The Howard County Planning Board recommended the approval last night of a proposal that would allow the development of a new modular home community in Elkridge.
The request by Blue Stream Partnership Ltd. of Ellicott City to rezone about 34 acres to permit modular home construction has attracted countywide attention because it drew the school board into offering its opinion on zoning matters for the first time.
The three-member planning board was persuaded that the best use of the land -- just off U.S. 1 and Port Capital Drive -- would be to develop moderate-priced housing.
The land is zoned for light industrial use, but it wraps around a new modular home community being developed adjacent to the Aladdin Village mobile home park.
"There is a strong need for moderate-priced housing," said board member Theodore F. Mariani. "There was a mistake made [in the 1993 comprehensive zoning plan] where the boundary lines were set."
The planning board's recommendation would permit rezoning the land for residential development to allow mobile or modular homes. The proposal for 120 to 160 homes now goes to the county Zoning Board for final approval. No date has been set for that hearing.
The planning board's decision overruled a negative recommendation from the county Department of Planning and Zoning, which had concluded that no mistake had been made in zoning the land for industrial use.
The department also had argued that the county needs to protect its undeveloped industrial land for future industrial development to balance the county's tax base.
But the Blue Stream developers argued that the 34 acres had been made unsuitable for industrial development because the JTC land immediately adjacent to it already had been rezoned for modular/mobile homes.
The other side of the property is bordered by a stream and wetlands.
"It isn't always the best thing for use to rezone commercial and industrial tax bases," said Joan Lancos, the board chairwoman. "But in this particular case, it is likely that the land never would be developed for industrial use.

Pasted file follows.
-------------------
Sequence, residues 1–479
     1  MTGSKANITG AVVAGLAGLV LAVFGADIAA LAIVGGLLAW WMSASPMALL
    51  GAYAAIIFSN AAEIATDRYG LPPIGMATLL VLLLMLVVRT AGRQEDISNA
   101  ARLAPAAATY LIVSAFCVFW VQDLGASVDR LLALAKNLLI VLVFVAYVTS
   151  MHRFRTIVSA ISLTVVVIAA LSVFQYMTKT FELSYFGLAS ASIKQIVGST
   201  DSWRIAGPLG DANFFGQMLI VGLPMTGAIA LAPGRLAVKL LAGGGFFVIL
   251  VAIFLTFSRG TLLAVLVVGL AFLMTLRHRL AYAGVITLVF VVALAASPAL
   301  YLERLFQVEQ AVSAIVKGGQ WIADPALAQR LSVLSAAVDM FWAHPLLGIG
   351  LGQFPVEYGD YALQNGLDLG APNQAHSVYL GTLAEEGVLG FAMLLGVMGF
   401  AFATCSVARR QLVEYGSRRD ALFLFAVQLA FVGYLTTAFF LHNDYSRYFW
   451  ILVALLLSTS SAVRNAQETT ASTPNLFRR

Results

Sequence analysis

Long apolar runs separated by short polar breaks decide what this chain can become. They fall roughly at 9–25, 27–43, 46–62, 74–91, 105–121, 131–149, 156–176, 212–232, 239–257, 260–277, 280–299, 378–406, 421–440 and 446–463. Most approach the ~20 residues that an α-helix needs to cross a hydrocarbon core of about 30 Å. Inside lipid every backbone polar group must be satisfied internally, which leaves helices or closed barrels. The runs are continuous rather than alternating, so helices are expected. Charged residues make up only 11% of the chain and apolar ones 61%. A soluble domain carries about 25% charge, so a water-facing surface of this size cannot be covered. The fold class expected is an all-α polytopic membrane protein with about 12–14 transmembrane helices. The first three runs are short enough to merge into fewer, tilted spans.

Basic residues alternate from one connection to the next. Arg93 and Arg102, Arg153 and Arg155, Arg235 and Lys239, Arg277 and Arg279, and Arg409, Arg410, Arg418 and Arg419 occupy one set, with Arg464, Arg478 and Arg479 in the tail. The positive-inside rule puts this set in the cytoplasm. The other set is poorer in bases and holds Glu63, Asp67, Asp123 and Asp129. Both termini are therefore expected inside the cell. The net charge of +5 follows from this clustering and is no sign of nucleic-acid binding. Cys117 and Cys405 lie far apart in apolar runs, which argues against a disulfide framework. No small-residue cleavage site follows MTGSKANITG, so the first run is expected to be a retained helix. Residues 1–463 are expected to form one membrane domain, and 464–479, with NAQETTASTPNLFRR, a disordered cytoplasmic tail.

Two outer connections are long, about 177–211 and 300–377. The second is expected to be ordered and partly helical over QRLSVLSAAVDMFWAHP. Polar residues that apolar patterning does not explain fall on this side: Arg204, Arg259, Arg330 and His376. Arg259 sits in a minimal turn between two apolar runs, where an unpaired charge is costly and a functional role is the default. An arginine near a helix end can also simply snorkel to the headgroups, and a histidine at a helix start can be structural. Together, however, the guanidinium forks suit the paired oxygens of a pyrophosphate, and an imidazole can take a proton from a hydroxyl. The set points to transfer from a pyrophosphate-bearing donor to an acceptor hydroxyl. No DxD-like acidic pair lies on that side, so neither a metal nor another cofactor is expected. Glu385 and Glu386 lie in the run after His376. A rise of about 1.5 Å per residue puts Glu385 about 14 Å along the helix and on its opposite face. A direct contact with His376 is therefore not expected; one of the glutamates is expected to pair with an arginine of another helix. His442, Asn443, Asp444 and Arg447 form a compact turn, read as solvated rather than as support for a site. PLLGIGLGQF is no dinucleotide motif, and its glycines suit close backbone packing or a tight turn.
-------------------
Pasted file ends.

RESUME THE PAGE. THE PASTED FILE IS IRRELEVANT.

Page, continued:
"We may be losing industrial tax base, but we are gaining needed affordable housing that we are so sorely lacking."
The planning board ignored an unprecedented letter issued by the school board in February, urging the rejection of a Blue Stream proposal for the site that would have permitted the construction of up to 264 townhouses.
The board's letter argued that the townhouse proposal would have worsened the conditions in the overcrowded area schools. Blue Stream withdrew the proposal in reaction to that and other criticism.
The letter had been issued as the county executive and County Council were considering making significant cuts in the school board's proposed capital budget to build new schools and renovate existing ones to accommodate the dramatic growth in student enrollment.
The budget cuts eventually were made, forcing the school board to scale back the size of some of its plans.
But because the school board has not stated any opinion on the modular home proposal, the planning board barely considered the issue. The school board is scheduled to discuss the impact of the proposed rezoning at its meeting this afternoon.
David Carney, the Columbia attorney representing Blue Stream, apparently persuaded the planning board that the school board will not issue a negative letter on the current plan to rezone the site.
"To my knowledge, this was the only occurrence of the Board of Education commenting on a zoning issue," Mr. Carney said. "It was a politically sensitive time. It came at a time of budget talks.
"Now we see the Board of Education getting back to its pattern of commenting on the impact of the number of students" from a proposed development, but not offering an opinion on the proposal, Mr. Carney said.